John Lewis recently announced its Cheltenham store would be launching an after-hours private shopping experience for consumers spending over £10k. For that price, some John Lewis staff will be available after normal shopping hours to create a more personal, exclusive and luxury shopping experience for groups or individuals willing to pay a premium. It has been pegged as a way to ‘get online customers off the sofa’, after what has been a trying year for UK department stores.
John Lewis is of course not the only department store to place even greater emphasis on the customer experience in-store. Before recently announcing its ‘fewer but better’ store strategy, Debenhams unveiled its ‘store of the future’ concept in Watford (pictured), equipped with beauty bars, luxury blow dry stations and a gin & tonic lounge.
While it’s unlikely we’ll see supermarkets venture into luxury shopping experiences anytime soon, there are certainly some interesting synergies when it comes to creating memorable in-store experiences.
Firstly, it’s important that retailers continue to invest in technology to continue to surprise and delight customers in store. John Lewis is already ahead of the curve on this – empowering shop assistants with technology devices to help them become expert consultants and meet shoppers’ needs at the tap of a button. The grocery equivalent to this that we’re seeing is the successful adoption of click & collect and scan & go services in supermarkets – inspired by Amazon Go – and designed to make the customer experience more seamless. Continuing to invest in this area will be critical for grocers if they want to put the customer experience at the heart of their brand.
Another example is digital screens, which can be installed either in store or in place of traditional shop fronts to create the ultimate sensory experience for customers – helping them to visualise products on the go, get inspiration for food and wine pairings, and more. In the fashion world, Primark has installed LED screens in a number of its flagship stores across Europe to create what it calls a “theatrical, cinematic” experience. Thanks to advances in technology, these screens can interact with the surrounding architecture and products in the store in a way that feels truly immersive, taking shoppers into a new world curated just for them. There’s huge potential for this to be leveraged in the grocery world too – using digital screens in store to showcase delicious video recipes that can inspire shoppers on the go in a fun and engaging way.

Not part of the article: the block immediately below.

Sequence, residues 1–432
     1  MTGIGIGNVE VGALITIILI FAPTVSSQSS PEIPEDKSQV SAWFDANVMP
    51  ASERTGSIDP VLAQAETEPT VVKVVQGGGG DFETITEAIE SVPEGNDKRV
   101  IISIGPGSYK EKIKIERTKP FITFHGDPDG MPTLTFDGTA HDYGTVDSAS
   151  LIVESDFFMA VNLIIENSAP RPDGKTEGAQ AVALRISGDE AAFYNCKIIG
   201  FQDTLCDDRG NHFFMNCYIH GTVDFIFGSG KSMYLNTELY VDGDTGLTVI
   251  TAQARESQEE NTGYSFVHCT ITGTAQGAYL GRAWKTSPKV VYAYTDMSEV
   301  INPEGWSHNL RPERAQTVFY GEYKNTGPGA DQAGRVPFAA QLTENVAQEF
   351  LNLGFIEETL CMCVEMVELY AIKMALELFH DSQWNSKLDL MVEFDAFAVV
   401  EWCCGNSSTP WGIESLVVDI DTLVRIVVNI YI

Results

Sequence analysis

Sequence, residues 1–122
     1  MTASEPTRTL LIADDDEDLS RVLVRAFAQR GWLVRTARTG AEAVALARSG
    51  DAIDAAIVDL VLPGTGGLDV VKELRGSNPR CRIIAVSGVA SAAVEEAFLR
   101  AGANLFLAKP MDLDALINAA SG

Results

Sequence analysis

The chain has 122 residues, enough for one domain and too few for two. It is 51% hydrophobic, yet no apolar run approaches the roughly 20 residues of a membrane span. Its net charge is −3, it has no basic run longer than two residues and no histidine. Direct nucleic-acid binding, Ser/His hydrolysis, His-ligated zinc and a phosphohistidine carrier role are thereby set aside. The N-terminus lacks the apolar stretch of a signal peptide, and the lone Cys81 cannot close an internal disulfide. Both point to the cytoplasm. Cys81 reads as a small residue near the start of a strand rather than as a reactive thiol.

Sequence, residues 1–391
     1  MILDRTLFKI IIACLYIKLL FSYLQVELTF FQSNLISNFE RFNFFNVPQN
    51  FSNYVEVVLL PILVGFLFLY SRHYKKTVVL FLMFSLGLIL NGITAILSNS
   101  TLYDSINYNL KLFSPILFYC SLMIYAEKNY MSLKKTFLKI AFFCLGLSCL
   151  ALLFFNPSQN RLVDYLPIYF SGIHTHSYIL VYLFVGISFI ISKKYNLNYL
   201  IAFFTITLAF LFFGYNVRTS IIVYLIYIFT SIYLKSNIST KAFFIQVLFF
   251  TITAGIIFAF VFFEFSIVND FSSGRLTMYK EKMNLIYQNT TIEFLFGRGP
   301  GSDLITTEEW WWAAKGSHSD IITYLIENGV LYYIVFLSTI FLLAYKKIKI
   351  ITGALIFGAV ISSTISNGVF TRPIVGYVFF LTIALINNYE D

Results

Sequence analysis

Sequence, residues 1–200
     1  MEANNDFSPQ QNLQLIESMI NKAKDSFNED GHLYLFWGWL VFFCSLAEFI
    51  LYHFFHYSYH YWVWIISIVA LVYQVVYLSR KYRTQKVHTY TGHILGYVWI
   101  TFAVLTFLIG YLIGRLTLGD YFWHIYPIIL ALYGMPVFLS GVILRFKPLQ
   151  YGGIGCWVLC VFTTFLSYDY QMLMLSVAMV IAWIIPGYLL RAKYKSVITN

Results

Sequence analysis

On the other end of the spectrum, we’re also seeing the role that audio can play in store. M&S made headlines a few years ago when it announced it would be turning off its in-store music because staff and customers complained about repetitive playlists. However, when done right, music can be a great way for customers to get a feel for a brand’s personality and connect with them on a more personal level – in fact, our research shows that 81% of millennials said that if a shop plays music they like, they feel like it’s a brand they can relate to. This is particularly relevant for department stores and the major mults, which have mini destinations within the store environment – from fashion and beauty to home and decor. This provides an opportunity to get creative about playlist choices and explore different themes for different spaces within the store and times of the day. Whether you’re going for an upbeat or cocooning effect, music can change people’s moods and ultimately their attitude.
The earliest department stores weren’t just places to shop – they were attractions. In many ways, our lives revolved around them because they offered a variety of experiences. We moved away from the idea of a store as leisure space or entertainment, but we never found a new public space to replace the department store or mall.
What if the grocers could follow in the footsteps of the department stores to fill this void? Already, many retailers are rethinking the shopping experience and examples grow daily. This somewhat throwback approach to brick and mortar reminds us of what originally endeared us to the physical space: those tangible experiences.
Tony Rhodes is commercial director at Mood Media